- Listen to your surroundings. This is important for many reasons. It can alert you to an injured hiker, wildlife threats, thunder, flash floods, and more. Never hike while using earbuds or headphones as you can miss the auditory cues of danger or needed help. If you hear loud roaring evacuate immediately. This may be the only warning you have of a wall of water heading your way. Climb to higher ground immediately.
We are drawn to water and often spend time in and around bodies of water. The point of this blog post isn’t to scare you away from enjoying the great outdoors, it is simply to keep you aware of dangers and give you the know-how to safely enjoy nature. Here are some general river safety tips.
- Do not make camp near rivers, streams, or water shed areas. These can fill with water in the night and catch you while you are sleeping.
- 6 inches of flowing water can sweep a person off their feet and carry them downstream.
- Water can fill a river, ravine, or canyon in seconds, minutes, or slowly over the course of an hour or so. We can never be sure which option will be presented. This is why it is best to immediately leave when conditions change or become less than ideal. It is better to be safe than sorry.
- Be extra careful at night as flooding can be much harder to see.
When hiking to cross a stream, follow these steps:
- Wait for everyone in the party to arrive at the stream, then make a determination if to cross.
- Do not walk through a flowing stream on foot where water is above your ankles.
- When walking on rocks or logs over a stream, loosen pack buckles so if you fall you can easily get away from your pack and it will not drag you under.
- Wait for everyone to cross before continuing (in case the last person needs assistance).
When Leaving the Area
If you are caught in a thunderstorm with flash floods, read this article on lightning safety. Once you get to your vehicle, safely and carefully leave the area. Do not drive through flood waters. Water 12-24 inches in depth can carry away all vehicles. Cars, SUV’s, vans, Jeep’s, trucks, can all be carried away by two feet or less of water. If you cannot be sure of the depth of the water, do not take the chance. Stay put and wait for the flooding to subside or for emergency services.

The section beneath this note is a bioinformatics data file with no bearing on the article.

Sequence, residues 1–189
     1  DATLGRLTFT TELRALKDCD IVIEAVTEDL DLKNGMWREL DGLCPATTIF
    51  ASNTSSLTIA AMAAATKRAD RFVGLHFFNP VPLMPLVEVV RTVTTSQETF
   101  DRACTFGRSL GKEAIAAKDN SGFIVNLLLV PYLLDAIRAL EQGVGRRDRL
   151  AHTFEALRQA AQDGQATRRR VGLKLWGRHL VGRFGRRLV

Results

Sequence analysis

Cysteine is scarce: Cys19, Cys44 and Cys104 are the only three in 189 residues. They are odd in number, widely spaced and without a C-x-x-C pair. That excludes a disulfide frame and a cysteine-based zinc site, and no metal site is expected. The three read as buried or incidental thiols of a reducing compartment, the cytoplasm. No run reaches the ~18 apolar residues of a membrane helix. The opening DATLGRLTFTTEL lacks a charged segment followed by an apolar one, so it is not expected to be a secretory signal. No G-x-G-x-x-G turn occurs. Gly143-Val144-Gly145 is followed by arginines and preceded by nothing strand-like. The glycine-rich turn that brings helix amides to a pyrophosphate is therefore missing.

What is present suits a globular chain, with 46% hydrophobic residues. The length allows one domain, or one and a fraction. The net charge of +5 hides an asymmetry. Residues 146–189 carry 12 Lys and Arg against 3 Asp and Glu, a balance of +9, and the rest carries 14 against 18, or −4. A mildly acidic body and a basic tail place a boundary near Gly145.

After flooding has subsided the flood waters could have damaged bridges and roadways making them unsafe to cross. If you are unsure of the safety or integrity of the road, do not cross.
If you become trapped, inform friends/family of your location as well as Search and Rescue or local park rangers as they may have advice for where you can best evacuate to. If you cannot contact outside assistance, this is where your having notified your friends/family of your destination and route before you left will be very helpful. If you are unable to return by the specified time, they can notify authorities and send assistance to you.
Many GPS devices for hikers and outdoor enthusiasts have built in NOAA weather alert systems. They can help alert you to nearby weather events and keep you up to date.
Stay out of flood waters as they can carry dangers beyond rushing water. Dangers such as animals, insects, downed power lines, sewage, chemicals, debris like trees and boulders, and more.
Being outdoors is something we associate with good times, good memories, and new places to explore. There are also inherent risks with being outside and exposed to nature. Nature is beautiful and powerful. We must respect that we are heading out into the wilderness away from certain safety assurances. The further outdoors one goes the more responsibility one must take for oneself and their safety. Enjoy this summer, enjoy the beautiful and incredible outdoors. But also stay safe. Don’t take undue risks, turn back at the first signs of change or danger, you can always come back a different day. These are our tips for flash flood safety for hikers, backpackers and outdoor adventurers.
Resources (Used/referenced/helpful in this blog post):